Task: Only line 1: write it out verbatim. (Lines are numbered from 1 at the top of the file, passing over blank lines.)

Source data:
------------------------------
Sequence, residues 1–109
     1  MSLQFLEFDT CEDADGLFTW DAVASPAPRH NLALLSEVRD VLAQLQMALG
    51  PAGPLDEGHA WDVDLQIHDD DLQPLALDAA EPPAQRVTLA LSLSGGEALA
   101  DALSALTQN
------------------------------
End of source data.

Sequence, residues 1–109